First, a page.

Of all the contemporary
rivalries involving the environmentpaper vs. plastic, oil
vs. coal, wind vs. solarsteel vs. aluminum might end up
among the most important. It certainly is emerging as one of
the most hard fought in the court of public and industry
opinion. Not to mention that it consistently draws response
when we address the topic, as in the story on page 30.
We obviously arent going
to wade into the argument over which side is correct, or even
more correct, for the simple reason that not enough evidence is
in and all of the goals remain unclear.
After laying out aluminums
case in the February magazine, this month we put the spotlight
on steel. Why do we keep addressing such a contentious and
amorphous issue? Because for the overall future of the metals
industry, the U.S. economy and the global environment,
its good news that this battle is taking place.
In recent years, the steel and
aluminum sectors have embraced materials lifecycle analysis.
They have done so because existing production technology offers
limited opportunities to reduce the amount of greenhouse gases
emitted, which means that producers must focus on indirect
Beyond this, even
next-generation processes will be energy intensive, so industry
emissions will be tied to energy efficiency for the foreseeable
future. Also, steel and aluminum products are already among the
most recycled materials in the economy, which means that
despite an energy-intensive first-production footprint, the
more often the materials are reused the lower the net lifecycle
emissions per use.
Finally, steel and aluminum
products are going to play major roles in the automotive and
energy sectors, to name just two big components, and so
covering the direction and competition that this issue
engenders is going to be an ongoing part of our news and other
To give a sense of just how
complex, and contentious, this fight is, just look at a few
examples from AMM over the past year of arguments by
experts and industry players:
Earlier this year,
aluminum industry executives claimed a threefold fuel economy
benefit with aluminum vs. even high-strength steels. Steel
industry executives countered that fuel economy improvements
are directly proportional to the mass saved, arguing that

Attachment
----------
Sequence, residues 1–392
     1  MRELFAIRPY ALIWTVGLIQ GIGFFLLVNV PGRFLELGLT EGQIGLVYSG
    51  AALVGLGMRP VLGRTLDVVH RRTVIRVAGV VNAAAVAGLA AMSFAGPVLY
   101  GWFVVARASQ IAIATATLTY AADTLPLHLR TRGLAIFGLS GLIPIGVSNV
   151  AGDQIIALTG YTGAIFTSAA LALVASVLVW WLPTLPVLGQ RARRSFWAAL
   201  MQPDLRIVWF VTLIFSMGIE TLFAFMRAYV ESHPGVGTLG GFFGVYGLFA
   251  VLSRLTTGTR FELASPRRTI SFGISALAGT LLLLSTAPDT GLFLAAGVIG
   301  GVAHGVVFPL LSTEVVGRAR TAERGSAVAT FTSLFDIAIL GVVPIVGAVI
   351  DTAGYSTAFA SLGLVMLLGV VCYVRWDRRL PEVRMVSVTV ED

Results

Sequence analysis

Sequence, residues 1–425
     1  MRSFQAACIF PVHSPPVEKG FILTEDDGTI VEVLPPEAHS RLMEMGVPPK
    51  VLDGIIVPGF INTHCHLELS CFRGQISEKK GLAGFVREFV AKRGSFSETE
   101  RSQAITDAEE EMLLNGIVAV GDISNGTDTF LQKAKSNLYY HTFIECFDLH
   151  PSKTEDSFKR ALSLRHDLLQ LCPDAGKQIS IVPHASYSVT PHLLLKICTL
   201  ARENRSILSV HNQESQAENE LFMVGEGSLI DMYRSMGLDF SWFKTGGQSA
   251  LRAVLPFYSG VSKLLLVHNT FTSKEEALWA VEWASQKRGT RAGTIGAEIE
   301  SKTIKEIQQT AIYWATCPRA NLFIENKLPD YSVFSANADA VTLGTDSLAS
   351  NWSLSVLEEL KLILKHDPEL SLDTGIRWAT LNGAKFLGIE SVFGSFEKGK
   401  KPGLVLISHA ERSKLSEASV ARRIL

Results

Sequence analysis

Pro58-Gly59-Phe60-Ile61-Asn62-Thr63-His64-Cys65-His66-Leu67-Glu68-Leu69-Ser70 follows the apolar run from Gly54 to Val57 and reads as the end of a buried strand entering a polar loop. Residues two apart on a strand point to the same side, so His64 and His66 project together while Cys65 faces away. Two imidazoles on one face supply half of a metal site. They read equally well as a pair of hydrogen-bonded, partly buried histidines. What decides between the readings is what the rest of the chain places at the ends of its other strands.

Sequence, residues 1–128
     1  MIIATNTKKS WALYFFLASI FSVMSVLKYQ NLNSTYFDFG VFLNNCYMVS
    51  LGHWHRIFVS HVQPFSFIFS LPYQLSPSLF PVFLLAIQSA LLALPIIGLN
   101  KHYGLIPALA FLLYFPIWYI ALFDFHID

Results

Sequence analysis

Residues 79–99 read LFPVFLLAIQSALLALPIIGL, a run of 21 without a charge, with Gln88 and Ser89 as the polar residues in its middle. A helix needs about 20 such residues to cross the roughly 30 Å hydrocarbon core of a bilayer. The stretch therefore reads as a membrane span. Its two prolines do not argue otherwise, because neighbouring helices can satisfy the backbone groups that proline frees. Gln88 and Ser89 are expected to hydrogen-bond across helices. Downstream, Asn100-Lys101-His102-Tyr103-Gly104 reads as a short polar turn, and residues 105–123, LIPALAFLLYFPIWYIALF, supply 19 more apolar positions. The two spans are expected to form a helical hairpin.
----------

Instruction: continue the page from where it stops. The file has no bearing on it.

lightweighting with steel is similar to aluminum but usually at
a much lower cost and with fewer carbon dioxide emissions. Then
aluminum requestioned those assertions.
advocates argued that steel can pick up residuals each time the
product is recycled. The steel industry countered by saying
that all steels are alloys, meaning they are made of multiple
elements and that all grades of steel have specific
chemistries. Steel enjoys open-loop recycling in which any
end-of-life products can be used to make another steel product,
they said, pointing out that certain aluminum grades must be
segregated and recycled into like products. Then aluminum
representatives stated that all of those assertions
werent wholly true.
A consultant to the
aluminum industry said it was exceedingly difficult to take
steel scrap and recycle it as easily as aluminum. The steel
industry shot back, arguing that steel is the most recycled
material in the worldmore than aluminum, paper and
plastic combined. The average recycling rate of automobiles in
North America is around 100 percent, defined by the tons of
steel reclaimed by recycling vehicles vs. the new steel used to
make vehicles each year, they said. The entire process of
dismantling and recycling vehicles is based on the inherent
recyclability of steel. Predictably, aluminum experts said that
while much of this was true, it wasnt the entire story,
and they still believe their metal is the better choice.
And so the arguments go back and
forth. At this juncture, the debates are less about who can
empirically claim victory and more clearly are attempts to sway
important constituencies: the public, the government, the
But the truth is, right now
there is no Platonic ideal of sustainability, efficiency or
other "green" targets for either side to be stacked up against.
The movement to a cleaner and greener economy and world
isnt a fixed target, but rather is still being defined
But any trial, whether in an
actual courtroom or in the court of public opinion, isnt
decided on fact and evidence alone; it is decided on the
comprehension and interpretation of fact and evidence. So it
will be in this battle.
In the case of steel vs.
aluminum, the jury is still outalthough deliberations are
getting a bit testy.